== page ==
The topic of women in tech has been center stage lately, for good reasons such as Cheryl Sandberg’s biopic on her experiences as an executive, and for unfortunate reasons like the thoughtless actions of a few at Github and Atlassian.
Here in Chicago we have our own controversy, TechWeek’s event promotion that used images of scantily clad women. As someone who was nominated for TechWeek100, I’ve decided to be part of the event even as others declined to participate.
A few colleagues suggested that I withdraw from the TechWeek100, as a few of my peer nominees had done. Although I respect their decision to withdraw, I would be remiss to pass on an opportunity to be a voice in a space that needs advocates. I have never walked away from a conversation, no matter how difficult or painful. I don’t plan to start now.
I feel strongly about gender and racial equality issues, and I seek to normalize opportunity across the spectrum of humanity. This is my ideology and an area where I continually strive to make a positive impact.
I have long maintained that we are missing a gigantic opportunity by not having roughly 50 percent of the population engaged in creatively and intensely solving the problems that software developers face daily. In my 25 years of experience, albeit entirely empirical, I have seen many women make fantastic coders.
For the past several years, I have been giving back to the city that gave me so much, and there are no real measurements for giving one’s time away. In the past year, I have turned my attention to mentoring kids, specifically girls, who show an interest in a technical career. I want to help solve the problem of why technology loses our middle-school girls, and I want to draw women into the career of coding.
As co-founder of Eight Bit Studios, I can’t say enough about my Eight Bit family. The past six years have been a titanic roller coaster of both career and personal growth. John Ostler and Steve Polacek have been with me through thick and thin, challenging me to be a better developer, a more thoughtful leader, a genuine person. Through it all, we have aggressively sought to diversify not only our staff but our client roster, engaging women and minority business owners on a regular basis. I am extremely fortunate to have partners who are equally sensitive to diversification and being as authentic as possible, not only espousing our personal values but living them.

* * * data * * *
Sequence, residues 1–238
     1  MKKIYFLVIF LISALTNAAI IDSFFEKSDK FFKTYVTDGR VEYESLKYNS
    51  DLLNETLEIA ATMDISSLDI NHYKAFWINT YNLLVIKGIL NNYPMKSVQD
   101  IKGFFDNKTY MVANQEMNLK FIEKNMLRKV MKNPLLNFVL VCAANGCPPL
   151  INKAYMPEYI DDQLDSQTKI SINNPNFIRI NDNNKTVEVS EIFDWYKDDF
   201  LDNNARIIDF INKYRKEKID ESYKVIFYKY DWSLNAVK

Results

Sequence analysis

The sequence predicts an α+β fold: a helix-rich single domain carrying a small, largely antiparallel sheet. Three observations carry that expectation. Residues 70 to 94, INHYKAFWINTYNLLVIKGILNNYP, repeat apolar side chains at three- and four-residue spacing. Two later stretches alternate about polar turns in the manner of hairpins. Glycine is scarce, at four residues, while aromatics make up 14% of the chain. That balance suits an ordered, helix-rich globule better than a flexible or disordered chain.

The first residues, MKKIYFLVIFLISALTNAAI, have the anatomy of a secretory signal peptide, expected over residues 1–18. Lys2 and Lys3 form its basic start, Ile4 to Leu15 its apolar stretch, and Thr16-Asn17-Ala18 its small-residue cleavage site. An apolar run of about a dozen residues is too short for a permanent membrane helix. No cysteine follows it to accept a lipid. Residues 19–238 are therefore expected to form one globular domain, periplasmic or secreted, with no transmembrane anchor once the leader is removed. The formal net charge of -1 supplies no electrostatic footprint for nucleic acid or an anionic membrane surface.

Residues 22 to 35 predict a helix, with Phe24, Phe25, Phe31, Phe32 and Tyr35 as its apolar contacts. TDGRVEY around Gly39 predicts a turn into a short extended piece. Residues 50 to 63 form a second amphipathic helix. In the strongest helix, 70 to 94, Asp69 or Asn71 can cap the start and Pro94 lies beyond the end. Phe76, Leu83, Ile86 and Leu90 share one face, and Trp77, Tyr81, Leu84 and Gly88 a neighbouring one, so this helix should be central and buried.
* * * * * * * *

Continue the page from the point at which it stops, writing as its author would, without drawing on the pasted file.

And as co-founder of Mobile Makers Academy, along with CEO Brandon Passley, we have the opportunity to swing the pendulum on underrepresented minorities’ presence in software development jobs. Brandon and I have been galvanized by the recent education movement and our combined interest in changing the software developer landscape. We offer a diversity scholarship to help make our iOS Bootcamp more accessible, and we’re delighted to see women among our strongest graduates.
We have been making tremendous progress moving the needle on diversity with both adults and kids. Words cannot express my gratitude at having this opportunity to make an impact in an area I care so deeply about.
The TechWeek100 nomination recognizes my contributions and validates my efforts, inasmuch as they have not gone unnoticed. Being included in this group of nominees, many of whom I admire and who influence my own aspirations, gives me a stronger voice in the tech community.
To walk away from the controversy, and from the opportunity to increase the reach of my efforts, extinguishes my voice on an issue that desperately needs advocates. I pledge to use my nomination to continue supporting diversity in tech. Please join me to reflect on how we can all use our voices to make tech a more inclusive industry, carrying the conversation forward in an actionable direction.
Don Bora has been an active, contributing member of the Chicago startup community for a number of years. Don is a co-founder of both Eight Bit Studios and Mobile Makers. At Eight Bit Studios, Don is responsible for delivering the technology responsible for many startups as well as informing the MVP and business strategy with his technical expertise and business execution experience. Don runs the immersive curriculum and is the Chief Instructor at Mobile Makers. Recently, Don has been an outspoken advocate for women and girls in technology, seeking to bridge the technology gap by exposing the fun and creative side of programming. Don frequently mentors both high school and college students who are displaying an interest in technology and coding. Don has lived and worked in Chicago for nearly 25 years.
Don has also received two Moxie nomiations for Mentor of the Year in 2013 and 2014